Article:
Pragmatics in Clinical Communication


In all language, there may be a gap between what is said and what is understood. In medical communication, these often-unnoticed misunderstandings have serious consequence for ethics or practice of clinical care. This team aims to create a multi- institutional collaboration specifically analyzing the multi-faceted use of the word “treatable” around oncology patients in intensive care units (where care is often shared between a critical care doctor and an oncologist – either surgical, medical, and/or radiation). By conducting this interdisciplinary and collaborative research, they hope to establish a rigorous methodology for researching the pragmatics of clinical communication: how context impacts the action of words. By combining anthropological methods, linguistic analysis, and a bioethics lens, they are hopeful that their interdisciplinary collaboration will establish a new research field on clinical communication that is generative of practical and actionable recommendations and applicable to research regarding communication between niche-language-users in fields outside of medicine.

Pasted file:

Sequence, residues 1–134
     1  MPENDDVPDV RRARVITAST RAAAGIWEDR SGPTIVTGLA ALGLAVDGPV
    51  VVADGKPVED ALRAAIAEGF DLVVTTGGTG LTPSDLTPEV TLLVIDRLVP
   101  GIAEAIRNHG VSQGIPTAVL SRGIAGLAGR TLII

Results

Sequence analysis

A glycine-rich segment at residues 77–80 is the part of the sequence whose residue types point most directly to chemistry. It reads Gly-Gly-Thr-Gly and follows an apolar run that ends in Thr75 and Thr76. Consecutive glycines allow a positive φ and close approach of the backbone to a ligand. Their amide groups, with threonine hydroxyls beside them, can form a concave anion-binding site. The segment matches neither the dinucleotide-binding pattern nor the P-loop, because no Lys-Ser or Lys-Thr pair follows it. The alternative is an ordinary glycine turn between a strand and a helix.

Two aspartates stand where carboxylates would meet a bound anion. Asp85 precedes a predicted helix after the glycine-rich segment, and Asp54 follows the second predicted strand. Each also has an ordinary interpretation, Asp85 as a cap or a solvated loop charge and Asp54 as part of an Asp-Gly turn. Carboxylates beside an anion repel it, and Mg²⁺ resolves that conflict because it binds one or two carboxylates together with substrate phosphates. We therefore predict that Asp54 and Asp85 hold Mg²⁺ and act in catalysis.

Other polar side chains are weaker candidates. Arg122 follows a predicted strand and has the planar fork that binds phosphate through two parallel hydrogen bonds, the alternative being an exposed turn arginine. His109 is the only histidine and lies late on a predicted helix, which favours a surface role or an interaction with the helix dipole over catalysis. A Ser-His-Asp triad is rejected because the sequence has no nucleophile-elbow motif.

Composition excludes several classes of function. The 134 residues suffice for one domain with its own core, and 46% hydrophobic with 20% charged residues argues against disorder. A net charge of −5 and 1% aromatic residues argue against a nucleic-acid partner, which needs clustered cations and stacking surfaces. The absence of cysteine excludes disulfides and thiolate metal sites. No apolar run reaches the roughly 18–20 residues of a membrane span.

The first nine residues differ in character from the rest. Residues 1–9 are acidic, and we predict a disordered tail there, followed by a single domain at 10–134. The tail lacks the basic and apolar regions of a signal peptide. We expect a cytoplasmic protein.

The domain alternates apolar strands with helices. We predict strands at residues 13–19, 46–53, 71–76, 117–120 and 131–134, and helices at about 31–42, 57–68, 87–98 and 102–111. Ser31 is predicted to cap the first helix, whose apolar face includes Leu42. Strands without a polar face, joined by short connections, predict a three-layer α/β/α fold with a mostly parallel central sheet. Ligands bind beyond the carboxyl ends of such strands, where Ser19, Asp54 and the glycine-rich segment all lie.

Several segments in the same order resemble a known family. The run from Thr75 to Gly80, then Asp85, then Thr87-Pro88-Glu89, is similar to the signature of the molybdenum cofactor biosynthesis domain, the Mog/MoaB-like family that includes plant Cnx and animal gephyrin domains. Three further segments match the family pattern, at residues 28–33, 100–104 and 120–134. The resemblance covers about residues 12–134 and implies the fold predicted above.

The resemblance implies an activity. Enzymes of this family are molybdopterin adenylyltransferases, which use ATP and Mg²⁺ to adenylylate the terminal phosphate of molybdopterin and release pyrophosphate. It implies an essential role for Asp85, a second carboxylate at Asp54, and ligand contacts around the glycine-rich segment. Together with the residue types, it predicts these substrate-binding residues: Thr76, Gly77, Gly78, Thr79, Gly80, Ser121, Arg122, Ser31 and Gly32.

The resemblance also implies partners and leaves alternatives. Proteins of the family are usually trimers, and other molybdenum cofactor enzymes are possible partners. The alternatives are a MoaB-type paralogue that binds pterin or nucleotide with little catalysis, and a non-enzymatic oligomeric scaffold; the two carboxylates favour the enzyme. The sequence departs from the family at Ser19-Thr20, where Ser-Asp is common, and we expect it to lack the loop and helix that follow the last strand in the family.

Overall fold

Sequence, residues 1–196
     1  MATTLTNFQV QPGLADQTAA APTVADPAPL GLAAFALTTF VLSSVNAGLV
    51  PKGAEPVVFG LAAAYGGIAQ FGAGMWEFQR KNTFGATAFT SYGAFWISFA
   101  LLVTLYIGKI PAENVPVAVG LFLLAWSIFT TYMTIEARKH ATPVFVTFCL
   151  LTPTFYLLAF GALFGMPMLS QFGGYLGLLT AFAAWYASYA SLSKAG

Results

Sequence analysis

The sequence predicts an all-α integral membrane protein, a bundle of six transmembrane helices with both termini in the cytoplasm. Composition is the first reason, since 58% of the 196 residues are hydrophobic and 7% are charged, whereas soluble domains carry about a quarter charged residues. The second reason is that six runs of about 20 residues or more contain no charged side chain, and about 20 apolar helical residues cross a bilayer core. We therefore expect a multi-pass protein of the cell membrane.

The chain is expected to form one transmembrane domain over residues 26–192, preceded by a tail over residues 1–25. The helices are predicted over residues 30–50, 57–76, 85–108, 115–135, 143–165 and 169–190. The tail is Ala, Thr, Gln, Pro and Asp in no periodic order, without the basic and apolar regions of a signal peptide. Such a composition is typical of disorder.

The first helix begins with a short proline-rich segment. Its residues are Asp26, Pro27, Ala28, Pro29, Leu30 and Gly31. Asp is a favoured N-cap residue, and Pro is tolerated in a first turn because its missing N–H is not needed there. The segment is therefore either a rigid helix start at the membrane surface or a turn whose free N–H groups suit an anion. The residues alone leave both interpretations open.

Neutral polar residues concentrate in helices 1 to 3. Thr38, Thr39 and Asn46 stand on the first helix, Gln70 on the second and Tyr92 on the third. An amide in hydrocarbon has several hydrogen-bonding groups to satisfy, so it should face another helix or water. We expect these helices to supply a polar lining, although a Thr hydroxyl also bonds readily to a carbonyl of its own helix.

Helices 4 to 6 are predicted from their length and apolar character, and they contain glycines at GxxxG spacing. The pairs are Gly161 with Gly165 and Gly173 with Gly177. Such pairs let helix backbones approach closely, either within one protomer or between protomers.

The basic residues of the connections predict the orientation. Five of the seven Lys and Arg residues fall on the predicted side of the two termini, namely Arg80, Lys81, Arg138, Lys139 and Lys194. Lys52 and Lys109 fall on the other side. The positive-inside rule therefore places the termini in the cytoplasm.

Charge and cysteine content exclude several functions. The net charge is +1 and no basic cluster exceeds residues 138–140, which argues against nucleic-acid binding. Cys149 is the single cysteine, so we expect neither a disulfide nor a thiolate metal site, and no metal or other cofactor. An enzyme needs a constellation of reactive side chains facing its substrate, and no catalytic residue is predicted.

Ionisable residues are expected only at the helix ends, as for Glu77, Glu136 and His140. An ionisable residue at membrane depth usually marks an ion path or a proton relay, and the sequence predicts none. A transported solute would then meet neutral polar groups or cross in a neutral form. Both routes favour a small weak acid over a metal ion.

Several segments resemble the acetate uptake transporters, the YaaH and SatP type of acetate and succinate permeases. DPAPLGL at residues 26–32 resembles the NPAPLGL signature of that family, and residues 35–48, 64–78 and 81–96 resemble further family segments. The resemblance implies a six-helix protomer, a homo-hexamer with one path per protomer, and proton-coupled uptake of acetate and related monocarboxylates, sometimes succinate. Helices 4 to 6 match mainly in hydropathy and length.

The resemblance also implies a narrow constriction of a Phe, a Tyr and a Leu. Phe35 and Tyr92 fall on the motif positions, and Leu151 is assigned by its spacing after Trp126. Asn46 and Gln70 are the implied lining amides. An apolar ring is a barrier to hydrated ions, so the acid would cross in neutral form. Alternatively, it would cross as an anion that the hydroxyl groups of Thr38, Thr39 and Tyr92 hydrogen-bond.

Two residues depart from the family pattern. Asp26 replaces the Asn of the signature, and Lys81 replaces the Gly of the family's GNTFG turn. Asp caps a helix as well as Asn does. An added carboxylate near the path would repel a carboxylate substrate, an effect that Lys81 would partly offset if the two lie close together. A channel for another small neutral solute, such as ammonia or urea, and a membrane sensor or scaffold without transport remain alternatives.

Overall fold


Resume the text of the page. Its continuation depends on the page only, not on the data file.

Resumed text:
Image: Doctor Greeting Patient, by Vic. Creative Commons via Flickr